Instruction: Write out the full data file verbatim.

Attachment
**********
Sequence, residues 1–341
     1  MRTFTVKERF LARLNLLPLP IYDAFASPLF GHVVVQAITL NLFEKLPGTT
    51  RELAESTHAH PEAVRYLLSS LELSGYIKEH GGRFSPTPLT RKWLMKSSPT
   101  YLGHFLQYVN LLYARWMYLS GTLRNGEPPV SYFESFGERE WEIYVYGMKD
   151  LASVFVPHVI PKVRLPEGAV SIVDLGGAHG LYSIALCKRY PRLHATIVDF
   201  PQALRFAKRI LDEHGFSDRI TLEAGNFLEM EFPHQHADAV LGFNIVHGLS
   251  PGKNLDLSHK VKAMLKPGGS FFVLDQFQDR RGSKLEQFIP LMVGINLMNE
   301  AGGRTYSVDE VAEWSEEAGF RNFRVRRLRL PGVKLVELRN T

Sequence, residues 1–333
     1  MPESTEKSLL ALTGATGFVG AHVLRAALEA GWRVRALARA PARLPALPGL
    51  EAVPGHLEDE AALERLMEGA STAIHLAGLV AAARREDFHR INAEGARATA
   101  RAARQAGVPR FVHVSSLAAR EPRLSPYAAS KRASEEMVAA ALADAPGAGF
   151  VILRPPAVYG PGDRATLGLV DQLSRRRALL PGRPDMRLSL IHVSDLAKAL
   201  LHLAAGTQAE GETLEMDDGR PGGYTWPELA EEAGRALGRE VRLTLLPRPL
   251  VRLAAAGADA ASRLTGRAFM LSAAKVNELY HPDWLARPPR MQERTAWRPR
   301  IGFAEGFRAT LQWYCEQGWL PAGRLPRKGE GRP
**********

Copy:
Sequence, residues 1–341
     1  MRTFTVKERF LARLNLLPLP IYDAFASPLF GHVVVQAITL NLFEKLPGTT
    51  RELAESTHAH PEAVRYLLSS LELSGYIKEH GGRFSPTPLT RKWLMKSSPT
   101  YLGHFLQYVN LLYARWMYLS GTLRNGEPPV SYFESFGERE WEIYVYGMKD
   151  LASVFVPHVI PKVRLPEGAV SIVDLGGAHG LYSIALCKRY PRLHATIVDF
   201  PQALRFAKRI LDEHGFSDRI TLEAGNFLEM EFPHQHADAV LGFNIVHGLS
   251  PGKNLDLSHK VKAMLKPGGS FFVLDQFQDR RGSKLEQFIP LMVGINLMNE
   301  AGGRTYSVDE VAEWSEEAGF RNFRVRRLRL PGVKLVELRN T

Sequence, residues 1–333
     1  MPESTEKSLL ALTGATGFVG AHVLRAALEA GWRVRALARA PARLPALPGL
    51  EAVPGHLEDE AALERLMEGA STAIHLAGLV AAARREDFHR INAEGARATA
   101  RAARQAGVPR FVHVSSLAAR EPRLSPYAAS KRASEEMVAA ALADAPGAGF
   151  VILRPPAVYG PGDRATLGLV DQLSRRRALL PGRPDMRLSL IHVSDLAKAL
   201  LHLAAGTQAE GETLEMDDGR PGGYTWPELA EEAGRALGRE VRLTLLPRPL
   251  VRLAAAGADA ASRLTGRAFM LSAAKVNELY HPDWLARPPR MQERTAWRPR
   301  IGFAEGFRAT LQWYCEQGWL PAGRLPRKGE GRP